Soul Drunk

“Don’t wait” the first 
Invitation*, states.
Subject and verb meant
What I heard: it’s my turn.
These wasted times,
My healthy days numbered
Counting crows in a line.
Life and death married
And birthed you together
So don’t wait for
Tonight or for daylight
When winds kick up a mess
Of better yesterdays.
Sour mash in a dirty glass
Ice diluting the burning
Hoarse throats from thirst
So deserted, beyond quenching.
Straddling my legs up to the bar
And wild wet eyes find
You outside of the frames
pictures -you took them, too.
Stored in musty boxes
In basements and attics
All dressed up, obnoxious
When glasses obscured by
Bottle blondes divorced and lonely.
Time in the mind only reminds
Us of what no longer stabs at
Our hearts. Funny things:
Gene’s helixes and a pine’s cones
All the sacred plans for galaxies
Spun Nautilus shells and
The ringing bells in my ears.
Yet some refuse any sound
Like the dying refuse food.

Outside nature awaits and what sings
Of life alone in the flutter.
Nudging the willow tree’s long locks
A hummingbird wings create unrest.
Crying tiny drops of firelight
Candles leave wax rings
Worn into wood, married by ownership
And warning our bodies
in the dusk’s lazy sun adrift the sea
Winking goodbye as it hides for the night.
At home we take the complaints of stuttering billy goats
Where clamorous hens kick
At the roosters who forgot a nest
Or two. What about me?

It’s the way we all feel
Have they no idea
our children fled the nest -
Leaving their rooms full
Of their trophies
While we wait to sleep
In fitted sheets
Dug in graveyards with
Names like Star of David.
Smoothed over blue grass grown
Watching the dead proves
Equally as boring.
It doesn’t mean a thing
I mean that nothing was meant by it:
To say that at birth
We become life and death, as one
Intertwined together.
Growing taller, spinning
Until we grow dizzy and
Giggling in the know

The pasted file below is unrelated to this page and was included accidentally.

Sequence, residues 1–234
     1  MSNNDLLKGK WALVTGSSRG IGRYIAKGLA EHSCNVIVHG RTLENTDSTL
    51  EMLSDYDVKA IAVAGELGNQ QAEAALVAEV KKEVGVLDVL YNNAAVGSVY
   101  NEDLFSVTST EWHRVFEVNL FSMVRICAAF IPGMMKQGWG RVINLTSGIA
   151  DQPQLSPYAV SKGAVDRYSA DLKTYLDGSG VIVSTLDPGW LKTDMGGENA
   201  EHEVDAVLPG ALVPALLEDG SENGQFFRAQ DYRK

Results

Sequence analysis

Of moment we will fall
Carefully goes the innocence
Spiraling, radiating out
Of our mouths the
breath of love itself.
Rejoiced in our screams and cries.

A call to our guilty conscience
That wears heavy on our bones
Asking again to what ever we’ve
Said no. Must we unpack and
Put their guilt in the pantry
Set the table with the China
The sheets hang out in the
Golden dusty fields
Collecting the scent of
Late sunlight in baskets
After hanging up on the lines
With the rest of the whites
Faded and drying we remain
Dying in the sky tidally locked
Like the moon to the earth
And never once asking
For more than a simple goodbye
“One day we will meet again”
Though I never have
Known you in your own skin
Only under layered pelts
Like laundry hanging from your deserted bones.

Dare we share the bond
That darkness cannot control?
Isn’t that a woman’s fate:
to allow men to drink
Until they drain our souls?

*from Frank Ostaseski’s The Five Invitations, highly recommended on audio book as read by the Author.
“Don’t wait,” is the first invitation. One cannot live their entire life or tell all those they love how they feel, or forgive even yourself of any pain; it’s never too late, however.

The Voyage of May Flowers

Pulling from the highest shelf 
(Hoping no one noticed)
A book labeled too provocative to leave behind:
“Dead & Pretty”
How they once sipped water through stems
From beneath the clean garden soil.
I sit on oak old chairs at Along library table with hearts carved by keys
Holding initials of what love leaves
Turning pages of pressed flowers
Bowing their heads in prayer hour after hour.
Weak petals dry as ice
Lining page after page with the names
Of the dead typed carefully